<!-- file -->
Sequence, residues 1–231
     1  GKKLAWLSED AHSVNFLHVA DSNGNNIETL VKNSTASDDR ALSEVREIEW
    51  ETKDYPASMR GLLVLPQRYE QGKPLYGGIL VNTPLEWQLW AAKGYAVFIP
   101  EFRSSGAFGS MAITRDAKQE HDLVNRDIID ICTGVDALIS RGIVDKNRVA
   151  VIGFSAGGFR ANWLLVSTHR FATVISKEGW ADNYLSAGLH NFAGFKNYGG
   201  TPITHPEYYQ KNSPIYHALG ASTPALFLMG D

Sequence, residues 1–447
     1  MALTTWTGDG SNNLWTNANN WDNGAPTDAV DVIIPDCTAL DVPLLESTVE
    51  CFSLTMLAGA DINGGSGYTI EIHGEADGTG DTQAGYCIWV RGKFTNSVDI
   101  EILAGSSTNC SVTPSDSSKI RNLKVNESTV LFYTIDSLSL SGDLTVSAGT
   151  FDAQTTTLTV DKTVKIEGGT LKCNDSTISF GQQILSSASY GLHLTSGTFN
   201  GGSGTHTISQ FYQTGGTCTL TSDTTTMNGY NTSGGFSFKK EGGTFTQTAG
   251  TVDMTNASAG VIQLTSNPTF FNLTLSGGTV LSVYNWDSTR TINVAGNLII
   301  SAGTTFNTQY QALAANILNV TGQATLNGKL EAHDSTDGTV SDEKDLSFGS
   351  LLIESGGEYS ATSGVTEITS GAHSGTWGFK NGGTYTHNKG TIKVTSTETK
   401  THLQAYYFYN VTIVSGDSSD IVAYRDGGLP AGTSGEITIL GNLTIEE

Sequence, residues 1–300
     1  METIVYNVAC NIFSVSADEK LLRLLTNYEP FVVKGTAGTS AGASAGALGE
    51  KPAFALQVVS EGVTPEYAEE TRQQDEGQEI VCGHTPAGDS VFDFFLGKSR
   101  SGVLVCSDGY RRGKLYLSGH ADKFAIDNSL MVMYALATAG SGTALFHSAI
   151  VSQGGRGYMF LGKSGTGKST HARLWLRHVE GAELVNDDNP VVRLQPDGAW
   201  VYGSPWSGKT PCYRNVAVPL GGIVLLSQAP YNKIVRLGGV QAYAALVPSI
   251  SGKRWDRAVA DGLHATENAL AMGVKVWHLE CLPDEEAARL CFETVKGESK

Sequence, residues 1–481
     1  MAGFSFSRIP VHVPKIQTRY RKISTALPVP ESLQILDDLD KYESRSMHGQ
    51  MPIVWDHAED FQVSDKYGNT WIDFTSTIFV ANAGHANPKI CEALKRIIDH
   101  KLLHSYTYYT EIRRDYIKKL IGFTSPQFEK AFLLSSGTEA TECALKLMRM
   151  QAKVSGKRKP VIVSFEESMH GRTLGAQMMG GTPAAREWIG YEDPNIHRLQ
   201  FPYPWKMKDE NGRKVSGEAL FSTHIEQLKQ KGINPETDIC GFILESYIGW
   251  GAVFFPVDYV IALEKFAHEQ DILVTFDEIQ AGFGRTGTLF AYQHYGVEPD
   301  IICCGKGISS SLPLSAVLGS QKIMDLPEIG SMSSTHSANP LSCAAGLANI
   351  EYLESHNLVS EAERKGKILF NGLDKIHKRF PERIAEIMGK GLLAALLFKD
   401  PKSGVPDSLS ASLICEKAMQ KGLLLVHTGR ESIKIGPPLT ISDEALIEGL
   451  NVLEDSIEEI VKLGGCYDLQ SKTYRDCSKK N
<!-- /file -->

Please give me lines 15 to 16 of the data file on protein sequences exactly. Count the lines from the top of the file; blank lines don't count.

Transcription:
   351  LLIESGGEYS ATSGVTEITS GAHSGTWGFK NGGTYTHNKG TIKVTSTETK
   401  THLQAYYFYN VTIVSGDSSD IVAYRDGGLP AGTSGEITIL GNLTIEE